This week, the High Court of Australia has refused the Fair Work Ombudsman (FWO) special leave to lodge an appeal in the long-running Marland Mushrooms piece rates case. The decision effectively brings to an end the case under which the FWO had argued that if piece rates were found to be non-compliant that workers should automatically revert to entitlement to payment at the minimum award rate.
The National Farmers Federation (NFF) immediately welcomed the decision, describing it as “common sense” and a “significant victory for farmers”.
“The NFF feared the case had the potential to set a precedent for how the award was applied across the horticulture sector, an industry that depends on piece work,” NFF Chief Executive Officer Tony Mahar said.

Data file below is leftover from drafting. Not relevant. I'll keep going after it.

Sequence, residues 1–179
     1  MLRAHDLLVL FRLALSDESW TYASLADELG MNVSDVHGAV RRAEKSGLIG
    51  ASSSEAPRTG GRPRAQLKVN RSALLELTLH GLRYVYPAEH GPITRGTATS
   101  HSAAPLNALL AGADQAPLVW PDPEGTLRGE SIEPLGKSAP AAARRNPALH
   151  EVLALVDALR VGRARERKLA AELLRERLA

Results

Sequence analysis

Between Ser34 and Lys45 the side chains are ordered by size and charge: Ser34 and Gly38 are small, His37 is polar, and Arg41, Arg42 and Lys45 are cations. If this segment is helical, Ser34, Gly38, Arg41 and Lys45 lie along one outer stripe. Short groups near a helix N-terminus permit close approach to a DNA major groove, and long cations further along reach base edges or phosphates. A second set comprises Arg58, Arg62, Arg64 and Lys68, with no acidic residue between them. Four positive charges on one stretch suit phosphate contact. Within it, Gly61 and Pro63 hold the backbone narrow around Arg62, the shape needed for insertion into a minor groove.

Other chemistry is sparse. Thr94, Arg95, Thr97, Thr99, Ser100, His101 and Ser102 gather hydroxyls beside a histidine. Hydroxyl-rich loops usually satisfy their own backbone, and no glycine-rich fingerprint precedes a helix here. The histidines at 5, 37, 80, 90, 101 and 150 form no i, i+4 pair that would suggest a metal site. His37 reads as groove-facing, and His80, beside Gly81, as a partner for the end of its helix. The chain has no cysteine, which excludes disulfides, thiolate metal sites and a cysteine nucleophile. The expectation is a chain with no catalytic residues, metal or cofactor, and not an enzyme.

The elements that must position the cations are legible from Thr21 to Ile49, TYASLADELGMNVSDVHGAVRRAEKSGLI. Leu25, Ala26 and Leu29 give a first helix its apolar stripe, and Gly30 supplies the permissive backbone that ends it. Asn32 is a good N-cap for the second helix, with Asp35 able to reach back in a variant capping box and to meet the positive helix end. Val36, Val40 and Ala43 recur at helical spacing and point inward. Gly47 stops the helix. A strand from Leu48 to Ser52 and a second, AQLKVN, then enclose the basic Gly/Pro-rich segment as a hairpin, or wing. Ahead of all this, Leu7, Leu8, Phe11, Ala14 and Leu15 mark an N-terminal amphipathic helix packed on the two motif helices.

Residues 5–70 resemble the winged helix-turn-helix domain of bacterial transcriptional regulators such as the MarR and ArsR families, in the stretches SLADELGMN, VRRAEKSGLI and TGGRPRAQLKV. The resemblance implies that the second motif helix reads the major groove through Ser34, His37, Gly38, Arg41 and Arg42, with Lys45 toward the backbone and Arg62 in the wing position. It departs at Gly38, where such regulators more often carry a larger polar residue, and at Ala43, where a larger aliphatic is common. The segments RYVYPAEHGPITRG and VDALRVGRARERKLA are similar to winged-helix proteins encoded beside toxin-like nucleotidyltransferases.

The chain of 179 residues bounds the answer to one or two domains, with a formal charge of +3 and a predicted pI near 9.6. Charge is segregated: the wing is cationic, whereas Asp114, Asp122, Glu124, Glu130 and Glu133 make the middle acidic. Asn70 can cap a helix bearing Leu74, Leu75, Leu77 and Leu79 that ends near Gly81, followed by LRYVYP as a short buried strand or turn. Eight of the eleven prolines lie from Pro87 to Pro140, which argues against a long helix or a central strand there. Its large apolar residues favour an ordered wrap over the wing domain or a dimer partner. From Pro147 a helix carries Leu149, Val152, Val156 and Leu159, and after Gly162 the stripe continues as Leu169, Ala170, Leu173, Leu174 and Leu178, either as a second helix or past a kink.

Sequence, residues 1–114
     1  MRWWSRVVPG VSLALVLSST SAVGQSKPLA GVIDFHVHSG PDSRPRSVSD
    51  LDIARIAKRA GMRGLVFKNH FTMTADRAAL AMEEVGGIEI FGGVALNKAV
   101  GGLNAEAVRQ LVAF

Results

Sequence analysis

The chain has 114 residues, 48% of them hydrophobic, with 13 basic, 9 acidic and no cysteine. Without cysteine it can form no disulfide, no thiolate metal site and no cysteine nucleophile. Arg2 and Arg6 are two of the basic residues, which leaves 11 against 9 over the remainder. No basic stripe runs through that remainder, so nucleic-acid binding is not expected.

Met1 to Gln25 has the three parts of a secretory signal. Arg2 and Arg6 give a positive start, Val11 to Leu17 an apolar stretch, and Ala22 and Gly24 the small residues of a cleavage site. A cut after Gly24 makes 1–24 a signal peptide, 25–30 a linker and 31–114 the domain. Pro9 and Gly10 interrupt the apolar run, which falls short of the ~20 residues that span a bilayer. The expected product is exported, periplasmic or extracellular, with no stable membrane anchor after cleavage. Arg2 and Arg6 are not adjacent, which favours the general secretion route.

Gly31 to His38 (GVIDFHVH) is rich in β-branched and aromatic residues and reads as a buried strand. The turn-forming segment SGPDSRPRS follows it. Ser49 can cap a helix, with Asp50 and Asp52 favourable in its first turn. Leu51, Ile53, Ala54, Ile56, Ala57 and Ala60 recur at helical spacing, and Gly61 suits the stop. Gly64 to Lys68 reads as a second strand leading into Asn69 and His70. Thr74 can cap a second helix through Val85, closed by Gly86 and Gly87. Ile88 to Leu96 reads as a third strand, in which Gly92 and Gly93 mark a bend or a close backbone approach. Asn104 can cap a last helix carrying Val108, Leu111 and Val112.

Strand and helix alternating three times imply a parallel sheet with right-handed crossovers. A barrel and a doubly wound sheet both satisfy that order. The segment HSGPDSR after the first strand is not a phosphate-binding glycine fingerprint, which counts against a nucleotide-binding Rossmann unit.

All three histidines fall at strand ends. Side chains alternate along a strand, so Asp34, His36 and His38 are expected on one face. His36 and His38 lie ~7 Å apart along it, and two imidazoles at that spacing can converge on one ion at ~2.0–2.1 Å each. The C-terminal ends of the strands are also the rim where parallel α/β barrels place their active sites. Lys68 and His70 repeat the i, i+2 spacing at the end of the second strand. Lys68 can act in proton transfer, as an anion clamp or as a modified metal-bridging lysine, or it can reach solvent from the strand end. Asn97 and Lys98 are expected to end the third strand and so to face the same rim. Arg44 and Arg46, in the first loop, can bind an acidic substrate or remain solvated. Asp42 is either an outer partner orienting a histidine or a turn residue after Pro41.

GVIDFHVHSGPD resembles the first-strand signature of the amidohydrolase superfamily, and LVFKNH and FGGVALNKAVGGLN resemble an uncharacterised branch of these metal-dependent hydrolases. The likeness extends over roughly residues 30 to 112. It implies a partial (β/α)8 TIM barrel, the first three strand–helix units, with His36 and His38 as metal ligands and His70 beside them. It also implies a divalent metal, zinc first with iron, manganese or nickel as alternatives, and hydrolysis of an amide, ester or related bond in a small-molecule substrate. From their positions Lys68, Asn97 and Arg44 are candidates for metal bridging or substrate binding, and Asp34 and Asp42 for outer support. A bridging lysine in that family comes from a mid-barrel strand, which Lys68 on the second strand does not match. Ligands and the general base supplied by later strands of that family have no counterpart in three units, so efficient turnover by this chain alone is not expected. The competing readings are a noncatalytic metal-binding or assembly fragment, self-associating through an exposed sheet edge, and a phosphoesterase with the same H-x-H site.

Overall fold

The FWO alleged in 2016 that piece rates paid to 406 Marland Mushroom workers supplied by HRS Country Pty Ltd in 2014 did not meet the test of allowing the average competent worker to earn 15 per cent above the relevant minimum hourly rate, negating the piece rates agreement and, it argued, therefore entitling them to payment at award minimum rates.
The FWO continued to press its case after the Federal Court first ruled against them in July 2018 on the calculation (but not the fact) of the underpayment, and then again following an appeal in August 2019, with the High Court this week dismissing their attempt to continue the case further.